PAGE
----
Art in Buddhism REL4017
Art has throughout the history of Buddhism played a major part in promulgating Buddhist doctrine and practice. Originally Buddhists did not wish to express the mage of the Buddha, and portrayed his figure only as a footstep – the buddha having disappeared onto nirvāṇa. However, from the Mathura and Gandhāra periods of Buddhist art on, the image of the Buddha is universally depicted in the context of all the narrative and doctrinal aspects of Buddhism, as well as in the various cultic practices developed in Buddhist history. Thus it is inescapable to have some understanding of Buddhist art to understand the numerous Buddhist traditions.
Mode of instruction
After and introductory overview the various aspects of Buddhist art from its beginning will be treated in more detail, like the Mathura/Gandhāra styles, then Gupta style, followed by lectures on the spread of Buddhist art into China, and then into Tibet and East Asia in general. Altogether there will be 7 lectures on the topics, and 5 seminars, during which each the participants will present some part of the curriculum orally, and then as the final examination in an essay. The main instructor and responsible for the course is Professor Jens Braarvig, but the course is also part of the cooperation with Texas University, Austin, from where comes Professor Janice Leoshko, who will give several of the lectures.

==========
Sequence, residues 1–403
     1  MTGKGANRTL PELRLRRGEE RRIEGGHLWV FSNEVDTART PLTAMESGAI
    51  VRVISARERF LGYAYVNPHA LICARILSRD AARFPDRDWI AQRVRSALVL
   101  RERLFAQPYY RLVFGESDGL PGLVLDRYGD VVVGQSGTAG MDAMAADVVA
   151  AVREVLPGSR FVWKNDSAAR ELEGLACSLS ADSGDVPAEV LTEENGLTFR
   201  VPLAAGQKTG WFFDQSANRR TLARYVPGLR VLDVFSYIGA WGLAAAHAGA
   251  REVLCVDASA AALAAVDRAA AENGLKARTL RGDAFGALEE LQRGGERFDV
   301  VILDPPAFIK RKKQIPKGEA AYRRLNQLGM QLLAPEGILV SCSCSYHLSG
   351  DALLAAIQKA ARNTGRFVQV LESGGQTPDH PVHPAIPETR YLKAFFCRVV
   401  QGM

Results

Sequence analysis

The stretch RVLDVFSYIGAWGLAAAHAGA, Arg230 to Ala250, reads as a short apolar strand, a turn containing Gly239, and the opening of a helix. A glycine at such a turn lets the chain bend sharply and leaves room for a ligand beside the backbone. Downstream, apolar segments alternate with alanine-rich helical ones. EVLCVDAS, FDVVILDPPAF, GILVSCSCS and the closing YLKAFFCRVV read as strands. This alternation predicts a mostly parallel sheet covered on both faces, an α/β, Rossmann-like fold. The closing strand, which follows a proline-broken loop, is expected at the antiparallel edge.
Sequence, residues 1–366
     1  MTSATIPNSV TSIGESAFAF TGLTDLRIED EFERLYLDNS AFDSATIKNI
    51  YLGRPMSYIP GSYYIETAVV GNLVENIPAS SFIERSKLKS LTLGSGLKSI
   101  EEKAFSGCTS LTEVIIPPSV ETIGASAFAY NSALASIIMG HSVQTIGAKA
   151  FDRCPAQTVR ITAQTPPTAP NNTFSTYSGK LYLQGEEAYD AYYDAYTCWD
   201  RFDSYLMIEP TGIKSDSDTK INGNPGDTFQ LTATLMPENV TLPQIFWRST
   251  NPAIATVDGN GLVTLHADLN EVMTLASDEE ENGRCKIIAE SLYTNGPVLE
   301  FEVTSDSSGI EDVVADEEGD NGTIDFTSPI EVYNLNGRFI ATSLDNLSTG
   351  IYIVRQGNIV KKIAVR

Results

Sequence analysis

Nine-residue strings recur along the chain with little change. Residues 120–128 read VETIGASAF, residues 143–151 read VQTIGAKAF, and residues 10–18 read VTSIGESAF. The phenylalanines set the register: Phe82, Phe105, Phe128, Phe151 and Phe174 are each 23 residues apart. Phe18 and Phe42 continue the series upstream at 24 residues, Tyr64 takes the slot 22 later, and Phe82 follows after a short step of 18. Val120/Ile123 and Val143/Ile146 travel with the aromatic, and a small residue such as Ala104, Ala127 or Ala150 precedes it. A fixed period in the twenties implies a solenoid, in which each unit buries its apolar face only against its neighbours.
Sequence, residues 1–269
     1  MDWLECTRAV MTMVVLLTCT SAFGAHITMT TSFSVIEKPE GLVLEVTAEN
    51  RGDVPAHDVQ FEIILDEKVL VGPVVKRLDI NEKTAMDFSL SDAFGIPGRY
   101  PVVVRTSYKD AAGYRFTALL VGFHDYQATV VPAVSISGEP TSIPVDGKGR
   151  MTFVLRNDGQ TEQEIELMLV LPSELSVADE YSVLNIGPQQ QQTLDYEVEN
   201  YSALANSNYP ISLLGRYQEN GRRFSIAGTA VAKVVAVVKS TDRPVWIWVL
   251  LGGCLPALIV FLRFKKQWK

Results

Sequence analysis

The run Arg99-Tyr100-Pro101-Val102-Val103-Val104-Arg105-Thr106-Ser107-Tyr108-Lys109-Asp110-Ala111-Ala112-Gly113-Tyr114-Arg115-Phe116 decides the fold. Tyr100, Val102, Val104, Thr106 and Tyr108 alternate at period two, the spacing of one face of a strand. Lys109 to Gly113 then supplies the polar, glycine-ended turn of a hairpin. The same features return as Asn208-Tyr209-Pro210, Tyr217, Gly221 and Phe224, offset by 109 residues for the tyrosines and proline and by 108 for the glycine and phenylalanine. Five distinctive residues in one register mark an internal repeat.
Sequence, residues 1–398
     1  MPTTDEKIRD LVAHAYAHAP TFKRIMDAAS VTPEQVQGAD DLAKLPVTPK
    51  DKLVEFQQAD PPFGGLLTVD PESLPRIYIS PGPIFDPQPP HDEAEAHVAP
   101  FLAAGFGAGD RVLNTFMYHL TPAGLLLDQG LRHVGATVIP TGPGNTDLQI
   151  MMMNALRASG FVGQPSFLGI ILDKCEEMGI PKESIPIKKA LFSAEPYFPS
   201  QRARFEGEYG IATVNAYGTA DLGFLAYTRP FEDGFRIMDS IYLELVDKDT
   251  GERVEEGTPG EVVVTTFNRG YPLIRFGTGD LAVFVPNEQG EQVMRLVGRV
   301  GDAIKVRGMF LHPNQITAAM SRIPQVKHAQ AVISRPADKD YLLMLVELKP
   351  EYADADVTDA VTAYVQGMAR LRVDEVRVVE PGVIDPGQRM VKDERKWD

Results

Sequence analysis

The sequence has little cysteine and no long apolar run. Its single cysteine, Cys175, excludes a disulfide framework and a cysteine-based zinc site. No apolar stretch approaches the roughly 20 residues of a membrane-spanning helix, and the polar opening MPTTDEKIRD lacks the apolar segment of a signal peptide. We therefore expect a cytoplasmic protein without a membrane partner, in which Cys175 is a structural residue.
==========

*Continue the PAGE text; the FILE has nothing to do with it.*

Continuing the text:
I. A deeper understanding of the Buddhist tradition by means of art historical material and theory
II. Understanding of the connection between artistic expressions, doctrine and cult, as well as of the function of art in Buddhism
III. Ability in analyzing artistic expressions in Buddhism as grounded on Buddhist traditions.
Recommended prior knowledge
Background in Buddhist history, anthropology, language and/or doctrine.
An essay of 8-10 pages, the topic of which should be presented in a seminar.
Pass or fail.